Tecumseh BTDC timing dimension. - Snowblower Forum : Snow Blower Forums
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post #1 of 37 Old 12-19-2019, 06:15 PM Thread Starter
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Tecumseh BTDC timing dimension.

Have a circa 1978 Tecumseh HSK70 Snow King that's been in the family since new.
Replacing the points, condensor, and coil.

My old circa 1980 Tecumseh engine repair manual says to set the piston at .050" btdc.
The 1996 Tecumseh L head manual (linked on the site) says to set it at .080" btdc.

Last time I changed the points I only had the older manual to refer to and used the 050 btdc setting and it seemed to run well. While on the discussion is a larger btdc setting more advanced or retarded timing . I want to say advanced.
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post #2 of 37 Old 12-19-2019, 07:40 PM
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My 2 old books (mid 80's) show .080 BTDC advanced.


My oldest book (1973) shows .090 to .100 for all medium frame engines.


Or you can read this.


http://www.smallenginesuppliers.com/...nformation.pdf

Last edited by scrappy; 12-19-2019 at 08:17 PM.
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post #3 of 37 Old 12-19-2019, 08:29 PM
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are you sure is a Snow King, I thought those were all solid state ignition. Anyways, do you have the full engine model number off of the main shroud? The L-head engine handbook has 0.080 and 0.090 for various 7 and 8hp points ignition engines.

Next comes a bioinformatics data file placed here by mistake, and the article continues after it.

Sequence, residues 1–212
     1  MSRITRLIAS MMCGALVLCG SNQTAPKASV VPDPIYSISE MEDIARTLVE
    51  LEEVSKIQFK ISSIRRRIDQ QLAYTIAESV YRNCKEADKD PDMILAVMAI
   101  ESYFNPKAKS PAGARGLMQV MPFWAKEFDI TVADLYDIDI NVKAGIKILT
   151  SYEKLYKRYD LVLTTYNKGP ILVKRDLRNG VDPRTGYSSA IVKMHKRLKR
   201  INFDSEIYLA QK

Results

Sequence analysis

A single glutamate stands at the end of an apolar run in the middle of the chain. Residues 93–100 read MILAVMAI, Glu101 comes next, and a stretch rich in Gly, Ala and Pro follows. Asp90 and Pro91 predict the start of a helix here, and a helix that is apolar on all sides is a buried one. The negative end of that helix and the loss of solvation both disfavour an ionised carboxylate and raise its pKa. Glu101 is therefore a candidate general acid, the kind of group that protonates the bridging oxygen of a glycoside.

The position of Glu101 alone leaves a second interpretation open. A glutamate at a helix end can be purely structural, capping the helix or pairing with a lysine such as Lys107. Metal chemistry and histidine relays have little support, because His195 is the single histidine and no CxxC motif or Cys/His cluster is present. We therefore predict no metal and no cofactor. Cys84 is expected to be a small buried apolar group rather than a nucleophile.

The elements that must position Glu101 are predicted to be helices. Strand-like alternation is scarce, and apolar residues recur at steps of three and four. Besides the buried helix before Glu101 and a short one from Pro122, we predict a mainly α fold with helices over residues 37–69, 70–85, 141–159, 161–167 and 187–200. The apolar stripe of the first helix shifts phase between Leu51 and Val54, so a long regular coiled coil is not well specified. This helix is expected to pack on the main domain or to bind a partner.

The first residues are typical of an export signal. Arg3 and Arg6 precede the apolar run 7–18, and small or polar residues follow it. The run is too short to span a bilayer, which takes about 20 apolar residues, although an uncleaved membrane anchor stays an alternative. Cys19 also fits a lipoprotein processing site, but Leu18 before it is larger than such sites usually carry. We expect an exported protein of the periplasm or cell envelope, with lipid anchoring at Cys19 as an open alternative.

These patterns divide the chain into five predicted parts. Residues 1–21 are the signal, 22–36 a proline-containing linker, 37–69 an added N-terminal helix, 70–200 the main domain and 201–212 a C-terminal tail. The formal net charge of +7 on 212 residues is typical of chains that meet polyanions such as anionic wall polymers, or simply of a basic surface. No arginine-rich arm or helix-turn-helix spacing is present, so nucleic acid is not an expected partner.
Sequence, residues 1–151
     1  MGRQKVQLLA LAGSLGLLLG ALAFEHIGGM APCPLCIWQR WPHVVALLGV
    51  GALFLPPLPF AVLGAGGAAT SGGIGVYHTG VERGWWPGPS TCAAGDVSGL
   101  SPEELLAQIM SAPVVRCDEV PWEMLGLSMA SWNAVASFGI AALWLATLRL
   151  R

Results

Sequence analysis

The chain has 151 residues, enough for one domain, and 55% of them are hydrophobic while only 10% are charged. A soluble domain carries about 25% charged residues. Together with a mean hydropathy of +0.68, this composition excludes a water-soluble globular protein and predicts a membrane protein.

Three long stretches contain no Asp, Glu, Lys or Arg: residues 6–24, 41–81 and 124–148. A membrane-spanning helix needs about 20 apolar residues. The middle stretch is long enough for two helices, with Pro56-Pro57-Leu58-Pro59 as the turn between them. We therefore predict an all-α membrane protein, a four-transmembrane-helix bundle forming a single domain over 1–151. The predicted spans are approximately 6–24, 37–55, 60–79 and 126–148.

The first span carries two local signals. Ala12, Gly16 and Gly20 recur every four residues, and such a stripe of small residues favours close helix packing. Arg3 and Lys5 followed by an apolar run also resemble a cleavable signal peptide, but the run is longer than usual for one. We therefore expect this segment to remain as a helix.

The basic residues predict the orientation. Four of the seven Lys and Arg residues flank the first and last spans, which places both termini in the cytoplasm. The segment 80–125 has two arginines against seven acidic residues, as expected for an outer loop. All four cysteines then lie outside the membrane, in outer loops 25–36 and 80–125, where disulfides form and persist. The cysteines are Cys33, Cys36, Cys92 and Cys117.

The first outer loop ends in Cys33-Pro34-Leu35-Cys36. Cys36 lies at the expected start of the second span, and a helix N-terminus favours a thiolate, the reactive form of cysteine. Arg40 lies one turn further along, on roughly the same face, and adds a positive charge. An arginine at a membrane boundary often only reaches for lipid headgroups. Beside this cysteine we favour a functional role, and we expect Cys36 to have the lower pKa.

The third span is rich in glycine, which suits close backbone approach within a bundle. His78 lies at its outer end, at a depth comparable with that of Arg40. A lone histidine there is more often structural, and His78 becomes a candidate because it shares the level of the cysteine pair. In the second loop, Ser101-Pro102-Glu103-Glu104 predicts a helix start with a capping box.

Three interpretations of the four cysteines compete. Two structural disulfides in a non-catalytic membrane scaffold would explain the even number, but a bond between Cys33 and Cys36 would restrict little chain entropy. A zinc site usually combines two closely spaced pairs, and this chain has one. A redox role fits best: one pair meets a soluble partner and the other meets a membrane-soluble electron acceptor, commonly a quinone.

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post #4 of 37 Old 12-19-2019, 08:51 PM Thread Starter
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Definitely a Snow King, still have the original Tec. owners manual.
H70-130210D Serial No. 8195.
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post #5 of 37 Old 12-19-2019, 08:52 PM Thread Starter
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Quote:
Originally Posted by scrappy View Post
My 2 old books (mid 80's) show .080 BTDC advanced.


My oldest book (1973) shows .090 to .100 for all medium frame engines.


Or you can read this.


http://www.smallenginesuppliers.com/...nformation.pdf
I think mine is a small frame.
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post #6 of 37 Old 12-19-2019, 09:04 PM
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the Snow King engines start with "HSK -xxx". The H70 engines show 0.080" and 0.09" BTDC, dependent on bore size. this info from the Tecumseh Technicians Handbook for 3 to 11hp 4 cycle L-Head engines. The timing specs are on p95 and p96 for the H70.

also:

V - Vertical Shaft
LAV - Lightweight Aluminum Vertical
VM - Vertical Medium Frame
TVM - Tecumseh Vertical (Medium Frame)
VH - Vertical Heavy Duty (Cast Iron)
TVS - Tecumseh Vertical Styled
TNT - Toro Ní Tecumseh
ECV - Exclusive Craftsman Vertical
TVXL - Tecumseh Vertical Extra Life
LEV - Low Emissions Vertical
H - Horizontal Shaft
HS - Horizontal Small Frame
HM - Horizontal Medium Frame
HHM - Horizontal Heavy Duty (Cast Iron) Medium Frame